This is the most common non-drug treatment, and has been rated as one of the more effective pain management treatments by people with PD, as a study in PubMed has reported. Physical therapy may recommend methods such as massage, therapeutic ultrasound, heat and/or ice therapy, and stretching and strengthening exercises to help with reducing the pain experienced in PD. 

Acupuncture

Acupuncture is a traditional type of therapeutic method which involves inserting fine needles in various points on the body to treat physical and mental conditions. This has been shown to reduce pain in Parkinson’s Disease, although more studies are needed to determine their effectiveness in treating pain in PD. 

Exercise

Exercise can strengthen bones and muscles, increase flexibility and help to improve the mood of the person with PD. Tai Chi and Yoga are two types of exercises often recommended, as they can help to increase flexibility and reduce muscle stiffness through postures and poses. This aids in pain reduction. Also, both exercises incorporate breathing exercises, which help the person with PD to relax and cope with the pain. Other exercises include walking, swimming, and dancing – whatever exercise the person with PD enjoys and can keep doing frequently is a good choice.

Coping with Parkinson’s Disease

While considering therapies to manage pain experienced in Parkinson’s Disease, it is crucial to note that the therapies recommended are based on individual needs and preferences of the person with PD. Also, the person with PD will have to participate in these therapies on a regular basis to see benefits. Lastly, these therapies are not a cure-all, and should only be considered on an individual basis. Every individual with PD will have a different journey and a different configuration of therapies which will suit them. Parkinson’s Disease often requires comprehensive and well-rounded care to manage its motor and non-motor symptoms. Find out more about managing care in Parkinson’s Disease with Homage here.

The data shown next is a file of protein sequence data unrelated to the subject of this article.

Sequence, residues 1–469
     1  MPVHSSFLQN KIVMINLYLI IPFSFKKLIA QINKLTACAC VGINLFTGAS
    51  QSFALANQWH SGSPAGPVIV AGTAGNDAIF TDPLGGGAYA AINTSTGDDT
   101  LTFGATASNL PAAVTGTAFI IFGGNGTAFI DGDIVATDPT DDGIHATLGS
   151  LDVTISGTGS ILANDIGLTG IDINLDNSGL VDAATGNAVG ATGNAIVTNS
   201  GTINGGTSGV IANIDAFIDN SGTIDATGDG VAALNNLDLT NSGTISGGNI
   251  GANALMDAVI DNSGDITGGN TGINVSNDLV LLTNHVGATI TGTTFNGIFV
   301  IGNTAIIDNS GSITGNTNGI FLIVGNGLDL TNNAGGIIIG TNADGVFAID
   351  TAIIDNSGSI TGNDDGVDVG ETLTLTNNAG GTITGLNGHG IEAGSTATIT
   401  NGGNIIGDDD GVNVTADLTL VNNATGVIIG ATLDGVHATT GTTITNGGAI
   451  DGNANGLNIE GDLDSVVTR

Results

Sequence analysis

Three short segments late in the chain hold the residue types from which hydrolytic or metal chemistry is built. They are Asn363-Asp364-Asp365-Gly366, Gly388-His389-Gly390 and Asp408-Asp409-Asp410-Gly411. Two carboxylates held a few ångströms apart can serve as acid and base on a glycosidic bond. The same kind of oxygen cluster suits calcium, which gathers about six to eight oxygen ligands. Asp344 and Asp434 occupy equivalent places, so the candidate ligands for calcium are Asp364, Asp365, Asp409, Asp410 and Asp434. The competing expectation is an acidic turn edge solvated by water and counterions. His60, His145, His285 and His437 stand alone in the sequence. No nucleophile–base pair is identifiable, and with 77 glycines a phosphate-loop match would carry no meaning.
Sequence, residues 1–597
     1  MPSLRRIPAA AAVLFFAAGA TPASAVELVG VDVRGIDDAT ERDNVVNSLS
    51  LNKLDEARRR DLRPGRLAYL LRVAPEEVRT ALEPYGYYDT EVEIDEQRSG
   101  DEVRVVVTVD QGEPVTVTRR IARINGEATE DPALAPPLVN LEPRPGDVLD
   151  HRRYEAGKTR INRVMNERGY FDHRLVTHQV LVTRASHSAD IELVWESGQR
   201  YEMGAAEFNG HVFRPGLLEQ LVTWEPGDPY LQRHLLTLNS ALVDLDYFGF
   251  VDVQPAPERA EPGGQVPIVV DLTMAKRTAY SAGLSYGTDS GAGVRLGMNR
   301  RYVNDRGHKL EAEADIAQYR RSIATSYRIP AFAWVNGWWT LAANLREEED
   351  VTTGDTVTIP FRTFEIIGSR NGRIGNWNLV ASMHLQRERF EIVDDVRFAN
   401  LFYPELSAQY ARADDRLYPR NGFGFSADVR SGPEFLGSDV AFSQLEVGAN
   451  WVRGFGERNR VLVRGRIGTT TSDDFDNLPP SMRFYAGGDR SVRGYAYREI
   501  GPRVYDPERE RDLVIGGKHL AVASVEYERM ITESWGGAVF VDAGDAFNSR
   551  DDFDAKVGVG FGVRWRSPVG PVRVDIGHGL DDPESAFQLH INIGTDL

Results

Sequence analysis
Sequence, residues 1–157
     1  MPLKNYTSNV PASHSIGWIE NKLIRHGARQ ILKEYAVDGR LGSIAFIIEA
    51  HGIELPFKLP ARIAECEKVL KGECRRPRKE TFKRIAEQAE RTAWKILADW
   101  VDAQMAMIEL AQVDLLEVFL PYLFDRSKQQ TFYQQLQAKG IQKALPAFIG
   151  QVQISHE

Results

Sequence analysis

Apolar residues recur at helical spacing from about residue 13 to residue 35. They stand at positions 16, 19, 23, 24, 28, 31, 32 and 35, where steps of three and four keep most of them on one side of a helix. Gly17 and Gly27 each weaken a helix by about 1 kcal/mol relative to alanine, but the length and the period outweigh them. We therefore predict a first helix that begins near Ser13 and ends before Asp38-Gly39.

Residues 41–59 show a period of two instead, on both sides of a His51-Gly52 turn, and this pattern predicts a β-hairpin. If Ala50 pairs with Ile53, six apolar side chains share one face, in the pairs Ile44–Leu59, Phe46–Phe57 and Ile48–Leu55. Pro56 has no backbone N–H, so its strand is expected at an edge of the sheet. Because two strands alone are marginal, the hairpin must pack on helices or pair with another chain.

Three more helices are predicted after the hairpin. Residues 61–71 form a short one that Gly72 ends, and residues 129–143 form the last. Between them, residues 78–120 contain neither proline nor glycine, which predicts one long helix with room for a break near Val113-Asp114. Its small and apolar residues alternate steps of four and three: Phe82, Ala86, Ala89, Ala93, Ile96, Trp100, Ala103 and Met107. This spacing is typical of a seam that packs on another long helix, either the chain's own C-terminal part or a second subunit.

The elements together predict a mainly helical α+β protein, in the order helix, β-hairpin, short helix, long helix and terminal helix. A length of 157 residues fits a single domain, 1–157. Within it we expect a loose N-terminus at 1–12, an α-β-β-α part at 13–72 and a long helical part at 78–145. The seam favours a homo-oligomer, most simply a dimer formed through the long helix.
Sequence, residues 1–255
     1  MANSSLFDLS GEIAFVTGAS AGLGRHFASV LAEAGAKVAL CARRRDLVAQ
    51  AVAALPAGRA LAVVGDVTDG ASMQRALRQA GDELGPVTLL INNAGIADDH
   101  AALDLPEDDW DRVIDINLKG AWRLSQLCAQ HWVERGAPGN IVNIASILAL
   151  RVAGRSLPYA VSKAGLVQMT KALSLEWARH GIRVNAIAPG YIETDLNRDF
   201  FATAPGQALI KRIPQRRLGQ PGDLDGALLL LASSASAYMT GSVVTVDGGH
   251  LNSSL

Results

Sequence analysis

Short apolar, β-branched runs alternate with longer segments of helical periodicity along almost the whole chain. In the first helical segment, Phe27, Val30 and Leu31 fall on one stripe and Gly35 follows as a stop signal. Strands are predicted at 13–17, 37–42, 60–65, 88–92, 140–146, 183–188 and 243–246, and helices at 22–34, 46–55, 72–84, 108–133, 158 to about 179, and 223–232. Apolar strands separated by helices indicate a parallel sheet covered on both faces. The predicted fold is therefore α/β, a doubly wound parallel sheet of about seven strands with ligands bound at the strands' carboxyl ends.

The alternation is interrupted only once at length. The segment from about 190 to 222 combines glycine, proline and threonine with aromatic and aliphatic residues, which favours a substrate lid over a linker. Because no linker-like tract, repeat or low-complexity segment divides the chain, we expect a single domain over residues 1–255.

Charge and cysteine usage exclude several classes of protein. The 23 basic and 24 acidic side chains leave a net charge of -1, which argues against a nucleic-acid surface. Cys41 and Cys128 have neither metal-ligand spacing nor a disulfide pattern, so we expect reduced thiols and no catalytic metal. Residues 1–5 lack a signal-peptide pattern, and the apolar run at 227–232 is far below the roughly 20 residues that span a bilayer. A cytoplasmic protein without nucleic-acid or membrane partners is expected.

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References
  1. Christensen, J. H. C. (n.d.). Does Parkinson’s Hurt? Parkinson’s Foundation. Retrieved September 8, 2021, from https://www.parkinson.org/Living-with-Parkinsons/Managing-Parkinsons/Advice-for-the-Newly-Diagnosed/Does-Parkinsons-Hurt
  2. Gavidia, M. (2020, July 30). How Is Pain Treated in Patients With Parkinson Disease? AJMC. https://www.ajmc.com/view/how-is-pain-treated-in-patients-with-parkinson-disease
  3. Gilbert, R. (2019, August 27). Is Pain a Symptom of Parkinson’s Disease? APDA. https://www.apdaparkinson.org/article/is-pain-a-symptom-of-parkinsons-disease/
  4. Medications for Non-Motor Symptoms. (n.d.). The Michael J. Fox Foundation for Parkinson’s Research | Parkinson’s Disease. Retrieved September 12, 2021, from https://www.michaeljfox.org/news/medications-non-motor-symptoms.
  5. Journal of Parkinson’s disease & Alzheimer’s disease. (2014). Journal of Parkinson’s Disease and Alzheimer’s Disease, 1(1). https://doi.org/10.13188/2376-922x.
  6. Lee, S. H., & Lim, S. (2017). Clinical effectiveness of acupuncture on Parkinson disease: A PRISMA-compliant systematic review and meta-analysis. Medicine, 96(3), e5836. https://doi.org/10.1097/MD.0000000000005836
  7. Parkinson’s Foundation. (n.d.). Pain. Retrieved September 8, 2021, from https://www.parkinson.org/Understanding-Parkinsons/Symptoms/Non-Movement-Symptoms/Pain
  8. Seppi, K., Ray Chaudhuri, K., Coelho, M., Fox, S. H., Katzenschlager, R., Perez Lloret, S., Weintraub, D., Sampaio, C., Chahine, L., Hametner, E., Heim, B., Lim, S., Poewe, W., & Djamshidian‐Tehrani, A. (2019). Update on treatments for nonmotor symptoms of Parkinson’s disease—an evidence‐based medicine review. Movement Disorders, 34(2), 180–198. https://doi.org/10.1002/mds.27602
About the Writer
Grace Koh
Apart from reading, singing, and plodding up muddy trails, Grace enjoys scribbling notes and thinking up a storm. Her day job as a speech therapist involves helping children communicate, educating parents, and playing with lots of bubbles.